Guwahati: The Swachh Bharat Mission was launched in Assam on 2nd October, 2014. While only 172 villages out of 26,395 in the state were brought under the programme in the first phase, Assam quickly became a stellar example in the implementation and execution of the Swachh Bharat Mission (Gramin) project.
With the new government taking over, sanitation became one of the top priorities. An ad-hoc implementation structure gave way to a forward looking mission directorate headed by mission director Swachh Bharat Mission (Gramin) Assam Dr Siddharth Singh, who ensured that the programme became what it was always meant to be — a people’s movement.
Inclusive, innovative approach, reliance on social behaviour change communication became the cornerstone of the mission, rather than the construction-driven number crunching race.
Fighting the fight
With mass awareness generation being the key goal, interpersonal communication through an army of ground-level volunteers called Swacchagrahis were extensively employed to reach out to everyone. Mass media, rallies, banners, posters, street plays special events were also used as part of the campaign.
Realising the youth’s potential
“Students can be the best agents of change and every student from ‘KG to PG’ should be involved involved,” says Singh. The Swachh Bharat Mission (Gramin)’s Assam team entered into a partnership with both Gauhati University and Dibrugarh University, reaching more than 400 colleges affiliated with these universities, and bringing thousands of students studying in these institutions into the fold of sanitation movement through formation of health and sanitation clubs and harnessing NSS wings active there. Dibrugarh University also started courses in solid waste management and sanitation.
“Various programmes and competitions were also taken up in schools to internalise sanitation and cleanliness as a way of life in the young minds, the most notable being the ‘Green Police’ initiative. These are a group of young motivated students who devote some time after school and stop people from littering roads, markets, public places, etc. This in particular has been extremely successful as an initiative,” added Singh.
Rangsapara: Assam’s cleanest village
Swachh Bharat Mission Assam team initiated the concept of cleanest village award. Approximately, 26,000 villages across 33 districts of Assam were scanned and ranked in terms of cleanliness and hygiene. The cleanest village in every district was awarded and the cleanest village in the entire state was indentified. Rangsapara, a small village in Goalpara district, was found to be the cleanest village in Assam.
“Interestingly, the entire population of Rangsapara is Below Poverty Line, but the achievement of Rangsapara makes one thing clear; economic condition and financial resources are not the only determinants of cleanliness or the lack of it,” says Singh.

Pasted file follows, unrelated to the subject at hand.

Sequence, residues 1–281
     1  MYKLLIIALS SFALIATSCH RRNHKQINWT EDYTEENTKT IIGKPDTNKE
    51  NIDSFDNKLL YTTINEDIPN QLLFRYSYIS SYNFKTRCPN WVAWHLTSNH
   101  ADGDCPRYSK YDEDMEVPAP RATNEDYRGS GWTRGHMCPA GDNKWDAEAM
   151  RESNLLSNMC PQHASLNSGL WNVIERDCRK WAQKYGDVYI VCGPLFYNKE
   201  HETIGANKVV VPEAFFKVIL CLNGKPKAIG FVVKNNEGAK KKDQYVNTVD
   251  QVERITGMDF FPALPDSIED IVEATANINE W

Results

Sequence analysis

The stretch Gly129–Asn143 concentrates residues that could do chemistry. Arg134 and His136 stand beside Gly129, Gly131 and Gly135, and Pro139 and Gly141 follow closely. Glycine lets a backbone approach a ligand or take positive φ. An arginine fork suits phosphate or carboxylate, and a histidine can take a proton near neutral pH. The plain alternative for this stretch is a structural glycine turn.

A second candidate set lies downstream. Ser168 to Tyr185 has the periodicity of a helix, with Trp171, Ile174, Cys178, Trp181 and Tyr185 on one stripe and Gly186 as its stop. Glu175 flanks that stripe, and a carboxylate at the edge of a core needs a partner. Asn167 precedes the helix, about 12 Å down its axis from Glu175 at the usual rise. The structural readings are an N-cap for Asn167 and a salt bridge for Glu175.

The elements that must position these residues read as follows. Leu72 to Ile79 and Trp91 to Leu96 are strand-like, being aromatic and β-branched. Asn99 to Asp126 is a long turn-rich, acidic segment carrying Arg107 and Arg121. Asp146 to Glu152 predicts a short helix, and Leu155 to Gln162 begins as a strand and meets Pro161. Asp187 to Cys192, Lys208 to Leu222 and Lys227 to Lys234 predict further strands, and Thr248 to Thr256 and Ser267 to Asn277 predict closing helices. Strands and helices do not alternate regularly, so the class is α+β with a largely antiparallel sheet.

Similarly, various programmes and competitions were taken up in schools to internalise sanitation and cleanliness as a way of life in the young minds, the most notable being the ‘Green Police’ initiative. A group of motivated students devote sometime after school to stopping people from littering roads, markets, public places, etc. A lot of awareness has been generated by this.
How was Swachh Bharat Movement going to become a people’s movement? To facilitate that, the concept of ‘Daan Toilet’ was started in Jorhat. The movement encourages people to donate toilets to people. This could be to people who do not have it or set it up in the memory of someone.
This emotional approach caught the attention of a lot of people and several donors have come forward to contribute to the cause. The concept is now being extended to the entire state. The state has also set up a Swachh Assam Kosh to tap Corporate Social Responsibility funds and other voluntary contributions.
Entertainment and Swachhata
A full-length movie on the theme of sanitation was made, titled ‘Ajanite Mone Mone’, wherein instead of preaching, entertainment was been used for spreading the message of sanitation in an engrossing manner. This is the first regional movie on the theme.
How the revolution was achieved
With the consistent efforts, the sanitation scenario of Assam saw a drastic change. The percentage of households with access to safe sanitation by way of IHHL has gone up from 52% to 82% by February 2018. Nearly 17 lakh toilets were provided between May 2016 and February 2018 as opposed to just 6 lakh toilets between in 2014-16.
As per a survey, the usage of latrines went up to 95%, which is a massive achievement.
While only 172 villages were rid of the bane of open defecation till mid-2016, currently, 8,200 villages are Open Defecation Free (ODF). Five districts have become completely ODF and rural Assam achieved 100% ODF status on March 5.
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